Map-Aided Localization in Sparse Global Positioning System Environments Using Vision and Particle Filtering
ABSTRACT A map-aided localization approach using vision, inertial sensors when available, and a particle filter is proposed and empirically evaluated. The approach, termed PosteriorPose, uses a Bayesian particle filter to augment global positioning system (GPS) and inertial navigation solutions with vision-based measurements of nearby lanes and stop lines referenced against a known map of environmental features. These map-relative measurements are shown to improve the quality of the navigation solution when GPS is available, and they are shown to keep the navigation solution converged in extended GPS blackouts. Measurements are incorporated with careful hypothesis testing and error modeling to account for non-Gaussian and multimodal errors committed by GPS and vision-based detection algorithms. Using a set of data collected with Cornell's autonomous car, including a measure of truth via a high-precision differential corrections service, an experimental investigation of important design elements of the PosteriorPose estimator is conducted. The algorithm is shown to statistically outperform a tightly coupled GPS/inertial navigation solution both in full GPS coverage and in extended GPS blackouts. Statistical performance is also studied as a function of road type, filter likelihood models, bias models, and filter integrity tests. © 2011 Wiley Periodicals, Inc. © 2011 Wiley Periodicals, Inc.
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ABSTRACT: Vehicle localization is the primary information needed for advanced tasks like navigation. This information is usually provided by the use of Global Positioning System (GPS) receivers. However, the low accuracy of GPS in urban environments makes it unreliable for further treatments. The combination of GPS data and additional sensors can improve the localization precision. In this article, a marking feature based vehicle localization method is proposed, able to enhance the localization performance. To this end, markings are detected using a multi-kernel estimation method from an on-vehicle camera. A particle filter is implemented to estimate the vehicle position with respect to the detected markings. Then, map-based markings are constructed according to an open source map database. Finally, vision-based markings and map-based markings are fused to obtain the improved vehicle fix. The results on road traffic scenarios using a public database show that our method leads to a clear improvement in localization accuracy.International Conference on Control, Automation, Robotics and Vision, Marina Bay Sands, Singapore; 12/2014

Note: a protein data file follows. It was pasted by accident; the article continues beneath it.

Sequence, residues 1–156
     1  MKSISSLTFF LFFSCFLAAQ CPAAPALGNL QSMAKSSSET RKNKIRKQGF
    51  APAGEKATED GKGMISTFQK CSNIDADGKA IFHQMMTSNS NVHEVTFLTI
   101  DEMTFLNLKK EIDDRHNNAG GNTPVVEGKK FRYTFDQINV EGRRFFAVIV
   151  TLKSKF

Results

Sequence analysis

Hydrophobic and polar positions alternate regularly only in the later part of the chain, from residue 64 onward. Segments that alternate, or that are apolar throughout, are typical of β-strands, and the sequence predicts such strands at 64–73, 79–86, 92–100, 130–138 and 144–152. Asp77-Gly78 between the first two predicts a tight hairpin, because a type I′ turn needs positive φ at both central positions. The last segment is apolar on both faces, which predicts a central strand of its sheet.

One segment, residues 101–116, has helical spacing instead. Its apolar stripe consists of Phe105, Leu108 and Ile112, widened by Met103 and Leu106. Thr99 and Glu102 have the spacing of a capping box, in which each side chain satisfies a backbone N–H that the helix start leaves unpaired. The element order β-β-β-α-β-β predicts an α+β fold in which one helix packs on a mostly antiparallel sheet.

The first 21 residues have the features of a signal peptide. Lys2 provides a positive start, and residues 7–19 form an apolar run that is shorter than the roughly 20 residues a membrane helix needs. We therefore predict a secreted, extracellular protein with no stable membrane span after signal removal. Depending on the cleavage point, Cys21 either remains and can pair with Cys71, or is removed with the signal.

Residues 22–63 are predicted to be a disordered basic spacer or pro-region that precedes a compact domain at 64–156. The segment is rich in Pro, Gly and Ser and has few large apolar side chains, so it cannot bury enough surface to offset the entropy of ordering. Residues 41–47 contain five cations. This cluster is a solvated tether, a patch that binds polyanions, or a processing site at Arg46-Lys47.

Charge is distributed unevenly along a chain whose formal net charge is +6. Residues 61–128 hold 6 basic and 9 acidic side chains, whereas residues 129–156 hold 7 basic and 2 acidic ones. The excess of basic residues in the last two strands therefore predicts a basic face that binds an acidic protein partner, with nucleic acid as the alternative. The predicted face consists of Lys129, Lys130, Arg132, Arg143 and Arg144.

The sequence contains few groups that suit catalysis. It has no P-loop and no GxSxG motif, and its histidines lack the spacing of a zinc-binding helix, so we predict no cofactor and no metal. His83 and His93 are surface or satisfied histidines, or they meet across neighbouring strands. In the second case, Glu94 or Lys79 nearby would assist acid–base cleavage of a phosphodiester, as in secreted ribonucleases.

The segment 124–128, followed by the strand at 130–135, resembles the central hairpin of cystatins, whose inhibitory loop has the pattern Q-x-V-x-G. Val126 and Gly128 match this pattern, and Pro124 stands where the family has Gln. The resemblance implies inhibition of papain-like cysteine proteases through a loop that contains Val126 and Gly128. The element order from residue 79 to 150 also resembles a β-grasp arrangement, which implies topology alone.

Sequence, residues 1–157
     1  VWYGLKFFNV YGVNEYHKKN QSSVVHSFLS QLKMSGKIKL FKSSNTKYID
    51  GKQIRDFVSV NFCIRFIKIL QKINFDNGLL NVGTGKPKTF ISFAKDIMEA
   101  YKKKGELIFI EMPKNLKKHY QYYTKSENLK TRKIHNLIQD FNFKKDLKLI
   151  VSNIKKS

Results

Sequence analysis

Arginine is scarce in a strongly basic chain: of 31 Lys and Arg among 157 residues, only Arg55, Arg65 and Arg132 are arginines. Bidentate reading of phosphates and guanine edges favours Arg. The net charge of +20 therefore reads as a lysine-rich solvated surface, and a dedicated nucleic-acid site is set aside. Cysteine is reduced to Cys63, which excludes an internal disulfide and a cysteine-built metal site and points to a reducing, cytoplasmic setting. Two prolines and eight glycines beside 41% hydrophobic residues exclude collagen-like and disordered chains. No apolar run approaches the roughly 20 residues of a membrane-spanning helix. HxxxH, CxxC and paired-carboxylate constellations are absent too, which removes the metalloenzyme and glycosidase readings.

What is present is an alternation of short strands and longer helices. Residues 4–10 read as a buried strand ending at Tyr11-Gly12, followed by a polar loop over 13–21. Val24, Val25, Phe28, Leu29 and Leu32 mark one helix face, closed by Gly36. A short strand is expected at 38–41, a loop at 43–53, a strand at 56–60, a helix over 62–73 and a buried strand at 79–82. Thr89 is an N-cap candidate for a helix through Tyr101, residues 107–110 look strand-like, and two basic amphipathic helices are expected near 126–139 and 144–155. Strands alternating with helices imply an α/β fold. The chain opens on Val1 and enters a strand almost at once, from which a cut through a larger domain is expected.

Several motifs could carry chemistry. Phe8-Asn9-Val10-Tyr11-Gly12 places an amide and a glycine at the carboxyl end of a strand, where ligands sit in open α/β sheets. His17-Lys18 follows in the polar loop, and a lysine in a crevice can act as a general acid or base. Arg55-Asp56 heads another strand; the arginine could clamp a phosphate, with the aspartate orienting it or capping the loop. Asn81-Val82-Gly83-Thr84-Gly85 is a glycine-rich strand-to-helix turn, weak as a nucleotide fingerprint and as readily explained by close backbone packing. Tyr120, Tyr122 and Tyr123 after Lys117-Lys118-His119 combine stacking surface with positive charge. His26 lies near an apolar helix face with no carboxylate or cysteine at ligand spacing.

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ABSTRACT: Estimating the pose in real-time is a primary function for intelligent vehicle navigation. Whilst different solutions exist, most of them rely on the use of high-end sensors. This paper proposes a solution that exploits an automotive type L1-GPS receiver, features extracted by low-cost perception sensors and vehicle proprioceptive information. A key idea is to use the lane detection function of a video camera to retrieve accurate lateral and orientation information with respect to road lane markings. To this end, lane markings are mobile-mapped by the vehicle itself during a first stage by using an accurate localizer. Then, the resulting map allows for the exploitation of camera-detected features for autonomous real-time localization. The results are then combined with GPS estimates and dead-reckoning sensors in order to provide localization information with high availability. As L1-GPS errors can be large and are time correlated, we study in the paper several GPS error models that are experimentally tested with shaping filters. The approach demonstrates that the use of low-cost sensors with adequate data-fusion algorithms should lead to computer-controlled guidance functions in complex road networks.Intelligent Robots and Systems (IROS), 2013 IEEE/RSJ International Conference on; 01/2013
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ABSTRACT: A Gaussian sum filter (GSF) with component extended Kalman filters (EKF) is proposed as an approach to localizing an autonomous vehicle in an urban environment with limited GPS availability. The GSF uses vehicle-relative vision-based measurements of known map features coupled with inertial navigation solutions to accomplish localization in the absence of GPS. The vision-based measurements have multimodal measurement likelihood functions that are well represented as weighted sums of Gaussian densities. The GSF is used because of its ability to represent the posterior distribution of the vehicle pose with better efficiency (fewer terms, less computational complexity) than a corresponding bootstrap particle filter with various numbers of particles because of the interaction with measurement hypothesis tests. The expectation-maximization algorithm is used off line to determine the representational efficiency of the particle filter in terms of an effective number of Gaussian densities. In comparison, the GSF, which uses an iterative condensation procedure after each iteration of the filter to maintain real-time capabilities, is shown through a series of in-depth empirical studies to more accurately maintain a representation of the posterior distribution than the particle filter using 37 min of recorded data from Cornell University's autonomous vehicle driven in an urban environment, including a 32 min GPS blackout. © 2012 Wiley Periodicals, Inc. © 2012 Wiley Periodicals, Inc.Journal of Field Robotics 03/2012; 29(2):240-257. DOI:10.1002/rob.20430 · 1.88 Impact Factor